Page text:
AI and Machine Learning Salaries Drop

But average U.S. tech salaries climbed nearly 7 percent in 2021

2 min read
women sitting on top of stacks of money at computer desks
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Overall, 2021 was a good year for tech professionals in the United States, with the average salary up 6.9 percent to US $104,566, according to online recruitment firm Dice. Dice released these numbers last month as part of its annual Tech Salary Report.

Hired, another online job-search firm, saw bigger dollar figures than Dice in its 2021 U.S. tech salary data—a $152,000 average—but reported a 1.1 percent overall dip from 2020, a change it attributed to a shift in hiring toward professionals who are earlier in their careers.

However, according to Dice’s numbers, competition for machine learning, natural language processing, and AI experts softened in 2021, with average salaries dropping 2.1 percent, 7.8 percent, and 8.9 percent respectively. This comes on the heels of repeated—and sometimes dramatic—increases in recent years. Average U.S. salaries for software engineers with expertise in machine learning, for example, jumped 22 percent in 2019 over 2018, then went up another 3.1 percent in 2020.

“There are a variety of factors likely contributing to [these] decreases,” Dice chief marketing officer Michelle Marian told IEEE Spectrum, “with one important consideration being that more technologists are learning and mastering these skill sets. The increases in the talent pool over time can result in employers needing to pay at least slightly less, given that the skill sets are easier to find. We have seen this occur with a range of certifications and other highly specialized technology skills.”

Meanwhile, a scarcity of specialists in Solr, an open-source enterprise search platform, drove that average salary to the top of the charts.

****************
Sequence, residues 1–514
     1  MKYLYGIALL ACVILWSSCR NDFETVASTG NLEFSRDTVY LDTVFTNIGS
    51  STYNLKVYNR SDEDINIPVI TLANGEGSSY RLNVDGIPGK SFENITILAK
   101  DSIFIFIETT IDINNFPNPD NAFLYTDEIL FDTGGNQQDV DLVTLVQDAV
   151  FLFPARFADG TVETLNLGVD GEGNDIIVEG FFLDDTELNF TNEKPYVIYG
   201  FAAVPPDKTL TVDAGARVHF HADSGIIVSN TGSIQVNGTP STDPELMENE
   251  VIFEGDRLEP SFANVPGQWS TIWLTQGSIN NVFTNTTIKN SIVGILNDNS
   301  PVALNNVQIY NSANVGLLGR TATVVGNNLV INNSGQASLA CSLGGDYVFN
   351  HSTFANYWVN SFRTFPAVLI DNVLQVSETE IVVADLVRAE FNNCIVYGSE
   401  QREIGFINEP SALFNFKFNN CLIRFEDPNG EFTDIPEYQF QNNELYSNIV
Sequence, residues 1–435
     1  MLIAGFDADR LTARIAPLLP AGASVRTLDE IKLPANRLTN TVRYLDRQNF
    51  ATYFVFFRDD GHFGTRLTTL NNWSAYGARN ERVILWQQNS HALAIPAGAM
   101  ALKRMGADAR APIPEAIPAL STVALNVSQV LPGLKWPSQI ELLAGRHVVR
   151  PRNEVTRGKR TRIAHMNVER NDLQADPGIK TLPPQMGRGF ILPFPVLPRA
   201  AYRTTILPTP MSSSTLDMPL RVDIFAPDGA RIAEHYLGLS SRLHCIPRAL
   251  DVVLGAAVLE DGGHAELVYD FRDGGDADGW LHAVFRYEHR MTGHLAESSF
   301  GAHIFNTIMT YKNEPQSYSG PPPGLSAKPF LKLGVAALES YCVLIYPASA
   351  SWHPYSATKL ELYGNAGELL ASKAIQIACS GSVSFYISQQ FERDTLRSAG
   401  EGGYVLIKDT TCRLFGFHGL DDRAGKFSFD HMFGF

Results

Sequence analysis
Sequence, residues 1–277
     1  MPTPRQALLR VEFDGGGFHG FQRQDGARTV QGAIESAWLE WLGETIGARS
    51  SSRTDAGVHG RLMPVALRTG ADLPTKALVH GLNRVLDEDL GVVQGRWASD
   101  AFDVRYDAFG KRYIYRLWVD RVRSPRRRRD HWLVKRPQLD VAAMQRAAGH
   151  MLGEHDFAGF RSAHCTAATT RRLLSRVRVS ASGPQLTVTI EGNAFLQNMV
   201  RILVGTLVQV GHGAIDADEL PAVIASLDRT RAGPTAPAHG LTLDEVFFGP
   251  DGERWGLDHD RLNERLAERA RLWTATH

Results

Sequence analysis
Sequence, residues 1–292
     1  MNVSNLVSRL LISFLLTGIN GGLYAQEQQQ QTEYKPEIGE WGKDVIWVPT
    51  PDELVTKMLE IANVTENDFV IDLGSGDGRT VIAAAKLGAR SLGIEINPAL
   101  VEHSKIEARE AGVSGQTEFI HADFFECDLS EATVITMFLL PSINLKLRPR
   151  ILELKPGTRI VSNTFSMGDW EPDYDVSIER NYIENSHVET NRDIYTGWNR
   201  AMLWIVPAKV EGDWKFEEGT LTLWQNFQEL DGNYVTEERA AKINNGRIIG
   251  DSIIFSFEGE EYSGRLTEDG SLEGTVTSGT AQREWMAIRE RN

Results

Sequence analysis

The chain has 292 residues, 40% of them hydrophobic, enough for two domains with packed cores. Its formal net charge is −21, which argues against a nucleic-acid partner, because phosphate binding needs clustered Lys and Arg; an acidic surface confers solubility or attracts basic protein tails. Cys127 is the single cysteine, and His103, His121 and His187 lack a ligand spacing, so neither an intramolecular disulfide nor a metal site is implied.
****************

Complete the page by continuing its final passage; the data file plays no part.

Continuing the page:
In 2021, as in 2020, major tech companies touted plans to relocate from Silicon Valley to Austin, Texas. However, Silicon Valley’s tech salaries, already higher than Texas averages, increased their lead slightly, climbing 5 percent to $133,204 compared with Austin’s 4.6 percent to $109,176. (These numbers do not consider cost of living, which generally gives Austin a significant edge, particularly if you want to buy a house). But the biggest growth in salaries came outside these two tech hubs, with Seattle, Los Angeles, Atlanta, Philadelphia, and Chicago all recording double-digit increases, according to the Dice analysis.

Dice also looked at salary changes by occupation. After a dip in 2020, management salaries climbed an average of 6 percent to $151,983 in 2021. And the second most lucrative tech occupation, systems architect, also registered a big gain, up 5.1 percent to 147,991.

But Dice found that Web developer is the fastest growing tech occupation, with a 21.3 percent increase in average salary to $98,912. Tech professionals working as database administrators, data analysts, UX/UI designers, and technical support engineers also saw double-digit growth.

Demand seemed to be slowing for cybersecurity analysts and data engineers, however. Up 16.3 percent in 2020 from 2019, the average cybersecurity analyst salary fell 0.8 percent in 2021 to $102,253, and data engineers saw an average salary drop of 1.1 percent, to $117,295, after a 4.7 percent increase in 2020.

The Dice report speculated that this change could have “something to do with the proliferation of tools designed to carry out some of these roles’ highly specialized functions.”

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This Implant Turns Brain Waves Into Words

A brain-computer interface deciphers commands intended for the vocal tract

10 min read
A man using an interface, looking at a screen with words on it.

A paralyzed man who hasn’t spoken in 15 years uses a brain-computer interface that decodes his intended speech, one word at a time.

University of California, San Francisco
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A computer screen shows the question “Would you like some water?” Underneath, three dots blink, followed by words that appear, one at a time: “No I am not thirsty.”

It was brain activity that made those words materialize—the brain of a man who has not spoken for more than 15 years, ever since a stroke damaged the connection between his brain and the rest of his body, leaving him mostly paralyzed. He has used many other technologies to communicate; most recently, he used a pointer attached to his baseball cap to tap out words on a touchscreen, a method that was effective but slow. He volunteered for my research group’s clinical trial at the University of California, San Francisco in hopes of pioneering a faster method. So far, he has used the brain-to-text system only during research sessions, but he wants to help develop the technology into something that people like himself could use in their everyday lives.

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